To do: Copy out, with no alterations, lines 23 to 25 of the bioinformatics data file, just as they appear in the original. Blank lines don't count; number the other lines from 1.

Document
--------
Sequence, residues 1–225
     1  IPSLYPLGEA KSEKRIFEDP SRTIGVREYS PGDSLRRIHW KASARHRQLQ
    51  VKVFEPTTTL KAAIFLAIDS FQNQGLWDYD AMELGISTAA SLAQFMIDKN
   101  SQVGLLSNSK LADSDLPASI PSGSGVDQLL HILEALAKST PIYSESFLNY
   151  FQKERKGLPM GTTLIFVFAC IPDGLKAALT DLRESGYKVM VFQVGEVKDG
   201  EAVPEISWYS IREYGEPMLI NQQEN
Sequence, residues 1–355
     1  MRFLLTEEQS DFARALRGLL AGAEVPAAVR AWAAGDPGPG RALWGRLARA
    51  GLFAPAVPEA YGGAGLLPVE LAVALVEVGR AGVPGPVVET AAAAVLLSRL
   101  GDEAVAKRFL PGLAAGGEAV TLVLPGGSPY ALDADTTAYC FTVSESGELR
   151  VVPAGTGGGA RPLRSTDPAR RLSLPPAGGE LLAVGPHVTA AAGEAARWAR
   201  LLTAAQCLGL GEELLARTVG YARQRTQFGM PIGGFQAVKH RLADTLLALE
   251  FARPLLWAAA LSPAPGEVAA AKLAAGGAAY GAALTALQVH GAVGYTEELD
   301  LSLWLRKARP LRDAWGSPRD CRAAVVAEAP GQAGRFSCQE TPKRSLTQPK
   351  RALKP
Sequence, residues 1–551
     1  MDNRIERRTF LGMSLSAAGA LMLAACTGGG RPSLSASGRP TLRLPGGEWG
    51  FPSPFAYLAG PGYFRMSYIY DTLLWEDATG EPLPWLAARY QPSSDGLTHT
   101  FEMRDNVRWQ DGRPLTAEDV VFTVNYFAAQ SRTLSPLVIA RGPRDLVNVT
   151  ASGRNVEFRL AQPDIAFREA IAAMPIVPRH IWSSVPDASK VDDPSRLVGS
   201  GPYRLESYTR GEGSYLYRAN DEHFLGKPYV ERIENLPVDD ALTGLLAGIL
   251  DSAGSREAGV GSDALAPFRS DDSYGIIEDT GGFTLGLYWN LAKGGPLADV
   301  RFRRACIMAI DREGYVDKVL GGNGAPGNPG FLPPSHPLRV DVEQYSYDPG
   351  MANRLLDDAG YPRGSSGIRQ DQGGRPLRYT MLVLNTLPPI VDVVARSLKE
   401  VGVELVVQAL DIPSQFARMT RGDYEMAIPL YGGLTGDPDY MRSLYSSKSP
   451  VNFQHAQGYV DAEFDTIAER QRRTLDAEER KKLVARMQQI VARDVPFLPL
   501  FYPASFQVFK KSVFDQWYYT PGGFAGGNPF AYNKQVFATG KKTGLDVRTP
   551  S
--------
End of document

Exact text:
   301  RFRRACIMAI DREGYVDKVL GGNGAPGNPG FLPPSHPLRV DVEQYSYDPG
   351  MANRLLDDAG YPRGSSGIRQ DQGGRPLRYT MLVLNTLPPI VDVVARSLKE
   401  VGVELVVQAL DIPSQFARMT RGDYEMAIPL YGGLTGDPDY MRSLYSSKSP